In December 2015, the country approved a new constitution and successfully held national elections for the President in February 2016 and for the National Assembly in April 2016. The U.S. benefits from foreign aid to the Central African Republic through a more stable country that enjoys greater security through improved economic growth and development.

While the CAR has a more a stable government, conflict has grown between armed groups across 2017 as have attacks against civilians, humanitarian workers and peacekeeping forces. The Assistant Secretary-General for Humanitarian Affairs and Deputy Relief Coordinator of the U.N., Ursula Mueller, has noted that 637,00 people received emergency food help and 1.4 million people received clean water assistance.

A Strong Ally

In addition to a now more stable government, the CAR does have some natural resources, with timber and diamonds dominating exports; however, transportation and electricity are extremely limited. The CAR is now the United States 187th largest goods trading partner with $37 million in total goods traded during 2015.

The U.S. Department of Commerce estimates that U.S exports of good to Central African Republic supported 100 jobs in 2014. The U.S. benefits from foreign aid to the Central African Republic through top exports, including vehicles ($23 million) and electrical machinery ($3 million).

USAID decided to step up its aid to the people of the CAR as over 60 percent of the CAR lives in poverty, population displacement continues to increase as a result of ongoing violence, and the number of internally displaced persons increased by more than 70 percent since early 2017.

Humanitarian Aid

Both the U.N. and USAID’s partners coordinate to give emergency humanitarian help to affected populations. USAID’s Office of Food for Peace continues to support the U.N. World Food Program’s distribution of food to the most vulnerable people of the CAR — an estimated $14.9 million expenditure to the U.N. agency.

USAID and other humanitarian organizations also established an early warning system that sent or received nearly 130 humanitarian alerts throughout the year, identifying areas for potential relief interventions.

The U.S. has provided over $500 million of humanitarian, development and security assistance in support of the CAR people’s efforts to find long-term stability and peace. It remains to be seen how relations between the Central African Republic and the United States continue, but so far, the two nations are mutually beneficial.

– Zachary Ott

Photo: Flickr

infrastructure in the Central African Republic
With a GDP per capita of only $639, the Central African Republic is ranked as the poorest country in the world. In a study undertaken by the Africa Infrastructure Country Diagnostic project, infrastructure in the Central African Republic was found to have contributed much to the country’s economic growth.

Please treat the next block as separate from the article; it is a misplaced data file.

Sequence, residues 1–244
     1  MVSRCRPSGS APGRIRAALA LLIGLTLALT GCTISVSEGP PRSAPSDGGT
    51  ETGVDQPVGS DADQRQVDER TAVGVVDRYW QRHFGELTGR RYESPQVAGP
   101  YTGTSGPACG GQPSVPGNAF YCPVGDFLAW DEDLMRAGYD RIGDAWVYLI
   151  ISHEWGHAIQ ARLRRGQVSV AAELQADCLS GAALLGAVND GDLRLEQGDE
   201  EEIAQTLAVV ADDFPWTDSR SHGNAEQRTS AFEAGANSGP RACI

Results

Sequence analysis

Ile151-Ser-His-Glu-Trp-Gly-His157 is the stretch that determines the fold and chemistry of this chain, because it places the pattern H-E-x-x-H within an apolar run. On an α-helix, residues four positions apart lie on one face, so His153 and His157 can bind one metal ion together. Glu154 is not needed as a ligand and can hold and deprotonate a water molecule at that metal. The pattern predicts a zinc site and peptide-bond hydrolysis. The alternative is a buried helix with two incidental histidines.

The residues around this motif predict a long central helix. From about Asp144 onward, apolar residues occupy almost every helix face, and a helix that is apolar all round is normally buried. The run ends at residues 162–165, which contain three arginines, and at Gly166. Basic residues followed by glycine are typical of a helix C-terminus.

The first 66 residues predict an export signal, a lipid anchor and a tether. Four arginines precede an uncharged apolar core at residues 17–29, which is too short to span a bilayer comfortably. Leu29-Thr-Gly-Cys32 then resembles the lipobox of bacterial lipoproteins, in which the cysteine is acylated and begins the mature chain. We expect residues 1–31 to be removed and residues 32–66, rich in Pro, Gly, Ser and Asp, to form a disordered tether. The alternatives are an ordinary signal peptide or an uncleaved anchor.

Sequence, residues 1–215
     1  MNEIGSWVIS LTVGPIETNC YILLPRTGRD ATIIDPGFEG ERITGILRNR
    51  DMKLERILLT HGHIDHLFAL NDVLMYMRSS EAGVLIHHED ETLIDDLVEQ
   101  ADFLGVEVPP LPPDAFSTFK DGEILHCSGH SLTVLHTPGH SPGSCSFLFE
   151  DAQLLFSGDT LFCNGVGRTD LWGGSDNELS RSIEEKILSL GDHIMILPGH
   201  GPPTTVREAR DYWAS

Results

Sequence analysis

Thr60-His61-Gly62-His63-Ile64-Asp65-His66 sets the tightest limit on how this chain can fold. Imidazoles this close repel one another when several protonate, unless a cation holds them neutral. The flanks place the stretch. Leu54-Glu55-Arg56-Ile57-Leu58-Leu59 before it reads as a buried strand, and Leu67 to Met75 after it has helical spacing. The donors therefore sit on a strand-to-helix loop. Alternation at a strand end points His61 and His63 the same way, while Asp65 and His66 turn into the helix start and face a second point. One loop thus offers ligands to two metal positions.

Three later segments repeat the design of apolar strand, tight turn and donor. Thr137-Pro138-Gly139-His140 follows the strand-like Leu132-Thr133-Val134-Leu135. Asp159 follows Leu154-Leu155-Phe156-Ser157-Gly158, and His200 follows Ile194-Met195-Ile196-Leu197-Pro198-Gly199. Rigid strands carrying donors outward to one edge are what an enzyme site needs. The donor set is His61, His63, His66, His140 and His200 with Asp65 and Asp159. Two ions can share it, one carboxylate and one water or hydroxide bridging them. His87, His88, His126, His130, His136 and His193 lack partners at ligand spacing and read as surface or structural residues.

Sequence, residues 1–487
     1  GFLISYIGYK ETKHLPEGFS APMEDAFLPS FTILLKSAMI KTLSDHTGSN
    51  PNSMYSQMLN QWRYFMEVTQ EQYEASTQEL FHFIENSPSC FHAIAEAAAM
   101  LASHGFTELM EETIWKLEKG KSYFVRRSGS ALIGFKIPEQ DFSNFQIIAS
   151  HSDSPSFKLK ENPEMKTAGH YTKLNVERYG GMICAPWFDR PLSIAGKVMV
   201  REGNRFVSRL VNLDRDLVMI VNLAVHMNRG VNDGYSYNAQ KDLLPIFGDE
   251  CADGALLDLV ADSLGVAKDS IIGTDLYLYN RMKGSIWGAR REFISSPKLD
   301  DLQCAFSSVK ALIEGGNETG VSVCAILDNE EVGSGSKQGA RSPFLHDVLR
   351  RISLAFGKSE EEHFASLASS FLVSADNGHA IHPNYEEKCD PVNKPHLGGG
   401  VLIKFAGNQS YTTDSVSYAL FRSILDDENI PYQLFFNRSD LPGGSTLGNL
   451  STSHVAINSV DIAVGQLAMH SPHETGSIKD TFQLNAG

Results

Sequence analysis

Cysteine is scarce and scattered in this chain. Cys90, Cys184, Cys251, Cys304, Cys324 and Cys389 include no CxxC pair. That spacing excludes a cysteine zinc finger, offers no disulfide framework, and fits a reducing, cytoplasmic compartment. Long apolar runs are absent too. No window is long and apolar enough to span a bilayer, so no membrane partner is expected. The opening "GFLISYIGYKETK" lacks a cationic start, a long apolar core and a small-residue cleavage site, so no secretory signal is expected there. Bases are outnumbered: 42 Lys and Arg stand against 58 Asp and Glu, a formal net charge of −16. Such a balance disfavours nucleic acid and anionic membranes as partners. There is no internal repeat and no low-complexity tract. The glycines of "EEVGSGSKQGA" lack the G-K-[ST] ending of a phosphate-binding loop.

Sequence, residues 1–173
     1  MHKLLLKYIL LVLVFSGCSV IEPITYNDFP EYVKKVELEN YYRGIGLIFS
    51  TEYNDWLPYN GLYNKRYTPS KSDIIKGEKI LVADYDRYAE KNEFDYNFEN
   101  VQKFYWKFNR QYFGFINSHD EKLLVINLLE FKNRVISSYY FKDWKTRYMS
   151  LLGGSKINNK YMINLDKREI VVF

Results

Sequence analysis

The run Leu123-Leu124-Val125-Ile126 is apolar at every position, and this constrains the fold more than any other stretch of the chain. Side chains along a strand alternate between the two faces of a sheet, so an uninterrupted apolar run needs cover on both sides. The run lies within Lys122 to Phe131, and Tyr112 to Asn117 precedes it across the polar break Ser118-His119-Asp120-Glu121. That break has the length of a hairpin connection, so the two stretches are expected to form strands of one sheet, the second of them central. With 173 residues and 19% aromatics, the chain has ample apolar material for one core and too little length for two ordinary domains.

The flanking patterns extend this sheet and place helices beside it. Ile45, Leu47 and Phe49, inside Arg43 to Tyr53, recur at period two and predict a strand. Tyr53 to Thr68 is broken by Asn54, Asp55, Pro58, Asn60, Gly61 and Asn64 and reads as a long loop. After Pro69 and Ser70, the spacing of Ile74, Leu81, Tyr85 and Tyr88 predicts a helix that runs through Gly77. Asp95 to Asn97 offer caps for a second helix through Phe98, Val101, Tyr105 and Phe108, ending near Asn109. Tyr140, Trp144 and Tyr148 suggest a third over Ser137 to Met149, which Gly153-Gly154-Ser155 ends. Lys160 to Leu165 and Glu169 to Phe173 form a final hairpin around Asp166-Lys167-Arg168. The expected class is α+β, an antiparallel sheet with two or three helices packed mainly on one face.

Between 2005 and 2009, despite the decades of conflict that have riddled the Central African Republic, the total contribution to the country’s per capita growth by telecommunications, electricity and road infrastructure was 0.9 percentage points. Though this was significantly lower than other central African countries, the study made it clear that infrastructure development in the sub-Saharan context led to faster growth per capita in several countries.

This strong potential is also beset by a dire reality: the central African region has the worst infrastructure on the African continent. According to a report by the African Development Bank (AfDB), the “region stands out on the continent as one with the least infrastructure network, particularly transport and energy, which impacts negatively on production capacities and regional trade as well as social conditions and welfare.”

Infrastructure in the Central African Republic, in particular, is in a very poor state. For instance, only 10 percent of the population — mainly in the capital of Bangui — has access to electricity, which is not available to the rural population.

Other services like telecommunication and banking are either lacking or nonexistent beyond Bangui. Corruption within the government not only fuels instability but also hinders developmental and growth efforts in the country as natural resources like diamond and gold are exploited within the inertia of instability.

Despite the many challenges, transport, water, power, and information and communications technology infrastructure in the Central African Republic have seen significant progress with $134 million in annual spending, $37 million of which is lost to inefficiencies.

The World Bank has estimated that a sustained expenditure of $346 million per year over the next decade can address the challenges that remain. Just by improving efficiency in infrastructure operations, around $34 million of additional resources can be unlocked.

Alternatives to the government’s poor budgetary situation have also been proposed, including extending the time horizon for meeting the infrastructure targets, prioritizing infrastructure spending and exploring additional resources from outside the budget. These are all ways infrastructure in the Central African Republic can be improved.